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We’d all love it if our phones rang more often with people on the other end asking if they could give us money. Particularly for the folks at Mercer Island Youth & Family Services — they’re usually on the phone doing all the asking.
So it was quite a surprise when they got a call from Michelle Tesler, owner of the shabby chic Island boutique Tatters, who was on the line to ask if she could donate 20 percent of her store’s proceeds for the month of December to the non-profit organization.
“It’s not common for a store to approach YFS, or any social service group,” said Cindy Goodwin, Director of Youth & Family Services. “It’s a very different approach to celebrate what you’re bringing in.”
Tatters is making the donation in honor of its first anniversary. For more than a year now, Tesler and her small crew of style mavens have been performing their own brand of social service by showing Island ladies that they can pull off edgy looks they never thought they could.
Goodwin thinks that Tatters can also raise the bar for other businesses by showing them how they can give back.
Have lodge, will travel
Last week’s snowfall brought quite a few refugees to the Island, where weary road warriors holed up at the Travelodge to find relief from the long commute home.
“Most had to abandon their cars — a lot of them got towed,” said Lena, the desk clerk at Travelodge (who declined to give her last name).
She is used to a spike in occupancy around the holidays, but last week many of the overnight guests were area locals who just couldn’t stomach the idea of a five hour trip home. One man, she said, had his car break down in the cold and although he lived just over the bridge in Seattle, couldn’t find anyone willing to come pick him up.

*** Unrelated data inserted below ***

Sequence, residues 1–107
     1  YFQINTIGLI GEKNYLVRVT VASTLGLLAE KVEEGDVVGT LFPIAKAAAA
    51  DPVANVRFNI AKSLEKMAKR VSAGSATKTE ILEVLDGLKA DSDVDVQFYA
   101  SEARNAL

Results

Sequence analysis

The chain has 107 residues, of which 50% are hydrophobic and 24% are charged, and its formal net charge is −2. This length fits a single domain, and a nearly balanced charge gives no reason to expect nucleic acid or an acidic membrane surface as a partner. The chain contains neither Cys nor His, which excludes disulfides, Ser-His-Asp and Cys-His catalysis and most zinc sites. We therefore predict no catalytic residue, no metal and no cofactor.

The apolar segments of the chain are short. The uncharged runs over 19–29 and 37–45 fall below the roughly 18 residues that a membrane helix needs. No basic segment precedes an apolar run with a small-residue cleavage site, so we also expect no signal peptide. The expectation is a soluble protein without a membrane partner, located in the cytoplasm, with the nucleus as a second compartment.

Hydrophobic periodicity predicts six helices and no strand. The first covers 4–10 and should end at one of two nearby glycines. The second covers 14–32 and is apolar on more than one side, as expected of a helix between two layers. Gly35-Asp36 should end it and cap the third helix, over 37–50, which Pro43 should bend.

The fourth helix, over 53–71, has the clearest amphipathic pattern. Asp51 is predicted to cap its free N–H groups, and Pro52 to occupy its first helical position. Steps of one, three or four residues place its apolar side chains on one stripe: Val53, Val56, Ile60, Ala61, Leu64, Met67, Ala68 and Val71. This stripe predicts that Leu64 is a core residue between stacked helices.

“People don’t know how to drive here in the snow, especially with the hills,” Lena said.
Aside from the holiday rush, she also said occupancy has been up since the Town Center apartments have become available. With less extra room for visitors, out-of-towners who come to visit Island apartment dwellers need another place to stay.
Maybe if we get dusted again, they can teach us all how to drive.
Better than turkey?
Ten-year-old Alana Anderson had the privilege of being on the first float out of the gates at the Macy’s Thanksgiving Day Parade in New York City this year as part of the Camp Broadway Kids.
The Lakeridge student sings in the Mercer Island Children’s Choir and is on not one, but four competitive dance teams at the south end’s Definitive Dance Studio.
Her troupe of 600 performers kicked off the parade with a teaser performance of things to come: the Camp Broadway kids represent the clowns, balloon handlers, marching bands and tap dancers who form the Macy’s Thanksgiving parade tradition, which is now in its 80th year.
Anderson’s team was the first performance on NBCs TV coverage, getting the first 7 or 8 minutes of air time.
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